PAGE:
Daphne Gottlieb



An Adultery Anthology

Exploring the realities of public piety and private philandering, Homewrecker combines fiction, nonfiction, and poetry to present a multitude of perspectives on adultery and the emotional complexity that affairs entail. Acclaimed contemporary writers share space with fresh talent in its pages, each with a different take on adultery and its aftermath. In "The Other Man," Stephen Elliot remembers the dominatrix who two-timed him with a square. Lori Selke spins steamy erotica in "Sex and the Married Dyke," a story about how quickly queer marriage can degenerate into extramarital queer activity. Neal Pollack's "Confessions of a Dial-up Gigolo" recalls the early days of the Internet when anything seemed possible, even destroying the marriage of someone you've never met.

Kissing Dead Girls

Fusing pornography and postfeminist theory, transcript and tell-all, these playful, penetrating poems and stories reach off the page in search of what it is to be known, both to the masses and to the "Other."

Gertrude Stein's work is co-opted and re-seen in an attempt to unpack the relationship between love and war; Walt Whitman makes a command performance in dismembered bits of forced formal verse; and The Exorcist and The Devil in Miss Jones are sutured together in an attempt to locate the horror of desire.

Why Things Burn


This Lambda Literary Award nominee is a book of fierce, original poetry by one of San Francisco's leading poets and performers.

Educated without being didactic, lyrical without being doggerel, passionate without being over the top and sexy without being prurient, Why Things Burn is everything poetry should be, without many of the things that poetry unfortunately is. These pieces work both in performance and on the page. They tackle sexuality, lesbian issues, rape, modern urban living, and the author's Jewish heritage, with a sometimes kooky but always sophisticated view of life.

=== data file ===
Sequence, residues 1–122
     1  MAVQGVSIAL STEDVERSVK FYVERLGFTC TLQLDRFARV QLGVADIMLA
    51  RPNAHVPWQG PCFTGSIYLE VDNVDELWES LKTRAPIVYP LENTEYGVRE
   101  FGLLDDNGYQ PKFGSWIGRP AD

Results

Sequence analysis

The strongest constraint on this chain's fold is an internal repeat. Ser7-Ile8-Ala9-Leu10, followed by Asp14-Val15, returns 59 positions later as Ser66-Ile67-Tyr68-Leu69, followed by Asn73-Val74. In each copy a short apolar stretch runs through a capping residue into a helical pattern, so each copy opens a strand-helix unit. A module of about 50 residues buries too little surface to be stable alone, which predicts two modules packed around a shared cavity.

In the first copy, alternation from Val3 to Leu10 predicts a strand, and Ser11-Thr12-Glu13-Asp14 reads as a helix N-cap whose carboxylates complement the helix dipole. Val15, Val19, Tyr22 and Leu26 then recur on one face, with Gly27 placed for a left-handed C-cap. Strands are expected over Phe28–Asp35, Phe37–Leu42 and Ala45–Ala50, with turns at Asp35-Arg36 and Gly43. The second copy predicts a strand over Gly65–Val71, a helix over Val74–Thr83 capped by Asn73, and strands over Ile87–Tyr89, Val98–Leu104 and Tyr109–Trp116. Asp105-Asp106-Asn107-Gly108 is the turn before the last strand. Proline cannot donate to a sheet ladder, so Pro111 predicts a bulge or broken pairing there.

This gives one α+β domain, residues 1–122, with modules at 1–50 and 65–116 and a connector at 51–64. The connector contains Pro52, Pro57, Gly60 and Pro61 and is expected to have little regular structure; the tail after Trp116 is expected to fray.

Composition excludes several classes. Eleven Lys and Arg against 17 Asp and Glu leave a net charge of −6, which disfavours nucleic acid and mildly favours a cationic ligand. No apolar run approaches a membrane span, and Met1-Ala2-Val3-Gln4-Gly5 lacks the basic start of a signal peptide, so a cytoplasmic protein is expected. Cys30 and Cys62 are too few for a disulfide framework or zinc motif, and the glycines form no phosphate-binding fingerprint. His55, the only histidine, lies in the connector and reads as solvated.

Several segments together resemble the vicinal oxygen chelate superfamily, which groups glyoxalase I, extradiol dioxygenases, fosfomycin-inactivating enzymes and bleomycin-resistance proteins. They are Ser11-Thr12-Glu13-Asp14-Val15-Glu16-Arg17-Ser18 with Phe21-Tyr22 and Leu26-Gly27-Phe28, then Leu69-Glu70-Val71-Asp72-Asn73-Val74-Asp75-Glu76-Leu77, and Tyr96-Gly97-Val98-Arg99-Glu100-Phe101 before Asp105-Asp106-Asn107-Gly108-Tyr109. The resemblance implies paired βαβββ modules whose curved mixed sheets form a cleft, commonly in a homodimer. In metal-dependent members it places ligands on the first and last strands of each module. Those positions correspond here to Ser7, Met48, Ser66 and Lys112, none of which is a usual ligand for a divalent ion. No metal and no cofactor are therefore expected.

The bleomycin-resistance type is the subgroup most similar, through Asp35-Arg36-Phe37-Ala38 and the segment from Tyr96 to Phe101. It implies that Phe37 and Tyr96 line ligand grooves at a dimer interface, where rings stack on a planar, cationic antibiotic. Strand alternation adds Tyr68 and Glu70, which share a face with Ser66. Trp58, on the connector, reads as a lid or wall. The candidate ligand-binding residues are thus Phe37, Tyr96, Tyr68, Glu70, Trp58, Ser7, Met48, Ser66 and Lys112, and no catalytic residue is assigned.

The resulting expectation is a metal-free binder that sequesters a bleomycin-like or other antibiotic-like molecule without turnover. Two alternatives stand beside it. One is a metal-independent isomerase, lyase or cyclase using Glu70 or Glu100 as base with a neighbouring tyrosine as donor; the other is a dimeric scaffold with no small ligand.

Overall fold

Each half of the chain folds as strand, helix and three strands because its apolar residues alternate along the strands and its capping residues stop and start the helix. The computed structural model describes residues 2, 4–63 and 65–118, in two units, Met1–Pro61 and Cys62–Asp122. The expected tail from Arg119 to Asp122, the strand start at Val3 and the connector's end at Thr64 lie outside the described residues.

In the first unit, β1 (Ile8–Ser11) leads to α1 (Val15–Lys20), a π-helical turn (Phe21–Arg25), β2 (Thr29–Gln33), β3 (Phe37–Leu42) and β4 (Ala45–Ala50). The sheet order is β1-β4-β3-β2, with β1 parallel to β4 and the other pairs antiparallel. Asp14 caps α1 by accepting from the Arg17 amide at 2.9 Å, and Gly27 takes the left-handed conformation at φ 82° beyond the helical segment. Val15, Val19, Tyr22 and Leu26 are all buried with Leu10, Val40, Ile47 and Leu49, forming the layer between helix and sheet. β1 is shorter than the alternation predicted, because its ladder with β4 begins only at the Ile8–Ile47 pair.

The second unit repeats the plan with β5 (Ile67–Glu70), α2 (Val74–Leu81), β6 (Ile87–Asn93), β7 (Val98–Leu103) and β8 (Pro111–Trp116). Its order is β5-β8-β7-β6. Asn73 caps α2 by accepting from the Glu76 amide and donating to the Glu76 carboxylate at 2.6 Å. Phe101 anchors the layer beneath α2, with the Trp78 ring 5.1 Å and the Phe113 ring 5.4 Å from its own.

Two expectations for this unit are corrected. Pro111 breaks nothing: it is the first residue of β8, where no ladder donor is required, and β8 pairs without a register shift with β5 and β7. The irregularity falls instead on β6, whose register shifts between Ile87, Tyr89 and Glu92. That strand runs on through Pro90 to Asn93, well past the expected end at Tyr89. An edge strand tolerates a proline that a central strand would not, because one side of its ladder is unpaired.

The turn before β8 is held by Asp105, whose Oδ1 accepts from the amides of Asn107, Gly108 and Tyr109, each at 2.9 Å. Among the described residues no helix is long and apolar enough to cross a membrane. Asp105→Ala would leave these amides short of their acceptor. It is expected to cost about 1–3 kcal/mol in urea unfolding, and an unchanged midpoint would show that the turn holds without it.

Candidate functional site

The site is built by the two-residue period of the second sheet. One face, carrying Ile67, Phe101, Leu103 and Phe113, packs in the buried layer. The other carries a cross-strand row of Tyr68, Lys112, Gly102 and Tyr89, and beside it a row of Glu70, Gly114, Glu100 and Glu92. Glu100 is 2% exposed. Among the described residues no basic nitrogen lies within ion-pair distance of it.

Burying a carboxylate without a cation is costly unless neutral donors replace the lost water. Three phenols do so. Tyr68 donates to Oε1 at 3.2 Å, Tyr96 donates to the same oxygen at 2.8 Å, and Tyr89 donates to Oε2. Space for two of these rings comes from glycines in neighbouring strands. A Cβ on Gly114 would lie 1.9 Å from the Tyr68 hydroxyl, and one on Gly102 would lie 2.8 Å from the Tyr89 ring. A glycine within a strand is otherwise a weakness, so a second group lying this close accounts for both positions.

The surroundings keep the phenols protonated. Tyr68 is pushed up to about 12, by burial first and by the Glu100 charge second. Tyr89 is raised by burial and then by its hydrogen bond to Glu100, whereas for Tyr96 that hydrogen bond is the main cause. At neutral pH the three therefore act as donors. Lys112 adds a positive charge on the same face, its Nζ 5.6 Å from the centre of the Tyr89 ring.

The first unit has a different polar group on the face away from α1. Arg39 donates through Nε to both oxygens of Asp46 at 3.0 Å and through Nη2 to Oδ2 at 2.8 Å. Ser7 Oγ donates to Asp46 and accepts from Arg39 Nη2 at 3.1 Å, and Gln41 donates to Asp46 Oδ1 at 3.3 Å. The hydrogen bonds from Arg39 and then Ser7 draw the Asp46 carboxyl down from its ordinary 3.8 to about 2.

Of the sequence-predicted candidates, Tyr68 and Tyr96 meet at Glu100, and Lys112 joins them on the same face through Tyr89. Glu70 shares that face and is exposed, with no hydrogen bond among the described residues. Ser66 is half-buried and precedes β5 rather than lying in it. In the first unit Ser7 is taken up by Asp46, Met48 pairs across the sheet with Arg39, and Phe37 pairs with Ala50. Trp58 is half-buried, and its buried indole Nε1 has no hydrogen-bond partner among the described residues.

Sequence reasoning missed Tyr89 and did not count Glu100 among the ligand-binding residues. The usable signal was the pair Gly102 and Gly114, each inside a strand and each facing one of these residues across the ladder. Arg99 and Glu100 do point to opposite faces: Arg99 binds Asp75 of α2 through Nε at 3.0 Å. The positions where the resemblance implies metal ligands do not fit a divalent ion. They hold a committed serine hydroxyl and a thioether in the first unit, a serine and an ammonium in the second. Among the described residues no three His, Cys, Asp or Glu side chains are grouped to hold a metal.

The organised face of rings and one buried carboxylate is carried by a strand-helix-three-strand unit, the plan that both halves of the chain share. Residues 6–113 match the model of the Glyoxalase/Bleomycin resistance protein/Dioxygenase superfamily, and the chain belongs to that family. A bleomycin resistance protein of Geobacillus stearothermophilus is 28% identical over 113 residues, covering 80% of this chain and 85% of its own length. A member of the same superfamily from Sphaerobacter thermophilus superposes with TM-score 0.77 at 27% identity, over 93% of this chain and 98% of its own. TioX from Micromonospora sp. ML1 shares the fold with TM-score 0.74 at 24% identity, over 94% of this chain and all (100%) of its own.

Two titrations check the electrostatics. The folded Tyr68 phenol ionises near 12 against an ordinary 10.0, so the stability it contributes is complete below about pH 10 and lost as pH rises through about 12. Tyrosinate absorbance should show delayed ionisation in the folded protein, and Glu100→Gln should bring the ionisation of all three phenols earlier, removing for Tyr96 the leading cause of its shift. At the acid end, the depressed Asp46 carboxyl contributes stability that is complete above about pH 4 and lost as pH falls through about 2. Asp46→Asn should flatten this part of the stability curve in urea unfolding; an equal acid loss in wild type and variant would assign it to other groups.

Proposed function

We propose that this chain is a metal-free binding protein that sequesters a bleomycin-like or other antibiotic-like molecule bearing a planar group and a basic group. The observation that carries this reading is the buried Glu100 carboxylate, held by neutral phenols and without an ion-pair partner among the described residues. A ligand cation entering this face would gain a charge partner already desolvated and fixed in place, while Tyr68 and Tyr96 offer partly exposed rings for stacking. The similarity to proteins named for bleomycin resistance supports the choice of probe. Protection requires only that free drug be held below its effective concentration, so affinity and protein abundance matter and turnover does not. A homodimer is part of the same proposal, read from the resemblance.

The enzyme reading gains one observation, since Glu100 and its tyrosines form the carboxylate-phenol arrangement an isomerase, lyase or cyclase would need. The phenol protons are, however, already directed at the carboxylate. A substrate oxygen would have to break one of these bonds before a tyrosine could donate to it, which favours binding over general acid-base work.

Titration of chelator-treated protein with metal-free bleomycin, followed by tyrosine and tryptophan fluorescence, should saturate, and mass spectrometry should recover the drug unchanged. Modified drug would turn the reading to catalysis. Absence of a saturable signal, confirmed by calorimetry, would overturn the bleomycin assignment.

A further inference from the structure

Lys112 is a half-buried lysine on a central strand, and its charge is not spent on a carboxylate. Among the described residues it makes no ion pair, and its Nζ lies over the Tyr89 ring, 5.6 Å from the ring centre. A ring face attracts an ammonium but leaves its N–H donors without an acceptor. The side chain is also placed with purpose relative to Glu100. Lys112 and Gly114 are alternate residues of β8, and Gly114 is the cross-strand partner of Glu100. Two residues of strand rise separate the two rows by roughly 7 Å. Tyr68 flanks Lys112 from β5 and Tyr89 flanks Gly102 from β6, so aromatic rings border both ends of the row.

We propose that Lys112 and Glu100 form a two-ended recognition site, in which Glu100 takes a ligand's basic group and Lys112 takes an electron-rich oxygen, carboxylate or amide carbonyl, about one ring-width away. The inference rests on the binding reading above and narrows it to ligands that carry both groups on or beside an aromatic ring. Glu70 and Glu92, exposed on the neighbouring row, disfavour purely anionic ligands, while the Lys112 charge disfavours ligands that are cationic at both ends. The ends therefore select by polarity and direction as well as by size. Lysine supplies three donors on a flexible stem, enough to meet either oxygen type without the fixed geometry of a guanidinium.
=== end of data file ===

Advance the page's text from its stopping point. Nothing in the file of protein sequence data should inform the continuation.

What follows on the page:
Dear Dawn

Aileen Wuornos in Her Own Words

The chilling autobiography of Aileen Wuornos, the notorious female serial killer who was the subject of an Investigation Discovery special and the Oscar-winning film starring Charlize Theron, Monster

Between 1989 and 1990, Aileen Wuornos, a hitchhiking prostitute, shot, killed, and robbed seven men in remote Florida locations. Arrested in 1991, she was condemned to death on six separate counts and executed by lethal injection in 2002.

An abused runaway who turned to prostitution to survive, Wuornos has become iconic of vengeful women who lash out at the nearest target. She has also become a touchstone for women’s, prostitutes’, and prisoners’ rights advocates. Her story has inspired myriad books and articles, as well as the 2003 movie Monster, for which Charlize Theron won an Academy Award. But until now, Wuornos’s uncensored voice has never been heard.

Dear Dawn is Wuornos’s autobiography, culled from her ten-year death row correspondence with beloved childhood friend Dawn Botkins. Authorized for publication by Wuornos and edited under the guidance of Botkins, the letters not only offer Wuornos’s riveting reflections on the murders, legal battles, and media coverage, but go further, revealing her fears and obsessions, her rich humor and empathy, and her gradual disintegration as her execution approached. A candid life story told to a trusted friend, Dear Dawn is a compelling narrative, unwaveringly true to its source.

“It is both empowering and heartbreaking, because Wuornos represents the fury of a wronged girl-gone-wild, whose rage was unleashed on men.”The Rumpus